In Pennsylvania, colonists celebrated Tammany, the leader of the Delaware tribe that granted William Penn “access to river and woods” of Pennsylvania.[10] These celebrations were fairly comparable to the European tradition of carnivals and they were both socially and politically charged. At carnivals, the accepted social order was turned upside down and divisions between upper and lower classes would be blurred as people from across the social hierarchy would come together to enjoy marry making and welcome in the new while ushering out the old. This was often physically represented by burning representations of the old monarch to evoke a literal image of the concept of the death and the rebirth. [11] In the specific case of the Tammany celebration, Tammany’s literal death was closely associate with the legend that he would one day rise again, and the celebration was aptly observed during the spring when the Earth and its vegetation was literally being reborn after a winter of being lifeless. Furthermore, Tammany’s death by fire, a suicide that was committed to prevent him from becoming a burden in his old age, caused him to become a phoenix-like metaphor that replaced the metaphorical burning of European monarchs. Thus, the traditional European celebrations were changed to create uniquely American celebrations that allowed to colonists to differentiate themselves from the English. [12]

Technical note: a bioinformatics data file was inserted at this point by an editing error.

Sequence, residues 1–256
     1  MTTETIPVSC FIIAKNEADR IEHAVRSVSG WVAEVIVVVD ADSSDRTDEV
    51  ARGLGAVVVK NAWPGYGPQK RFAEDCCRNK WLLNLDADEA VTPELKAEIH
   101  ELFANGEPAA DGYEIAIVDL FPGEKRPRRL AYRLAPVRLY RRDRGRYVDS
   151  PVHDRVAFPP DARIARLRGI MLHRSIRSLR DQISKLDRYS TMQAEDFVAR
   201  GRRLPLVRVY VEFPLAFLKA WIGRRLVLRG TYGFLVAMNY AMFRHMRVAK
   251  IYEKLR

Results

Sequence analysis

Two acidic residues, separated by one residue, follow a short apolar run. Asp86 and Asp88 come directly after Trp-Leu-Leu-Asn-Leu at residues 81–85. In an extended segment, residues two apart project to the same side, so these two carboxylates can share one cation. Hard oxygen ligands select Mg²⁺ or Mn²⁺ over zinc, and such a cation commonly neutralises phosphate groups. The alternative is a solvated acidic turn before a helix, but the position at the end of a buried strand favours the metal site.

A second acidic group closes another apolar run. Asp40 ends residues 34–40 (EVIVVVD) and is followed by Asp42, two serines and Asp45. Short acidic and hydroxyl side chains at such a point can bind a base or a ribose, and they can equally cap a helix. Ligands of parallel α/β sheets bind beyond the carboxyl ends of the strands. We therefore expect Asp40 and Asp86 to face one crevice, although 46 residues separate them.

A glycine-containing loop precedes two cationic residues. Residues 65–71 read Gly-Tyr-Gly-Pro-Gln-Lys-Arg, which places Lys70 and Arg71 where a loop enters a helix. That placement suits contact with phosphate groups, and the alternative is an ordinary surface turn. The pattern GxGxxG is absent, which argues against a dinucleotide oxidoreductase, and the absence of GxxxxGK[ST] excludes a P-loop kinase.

A rendition of what the Mast Tree Riot might have looked like. From: data:image/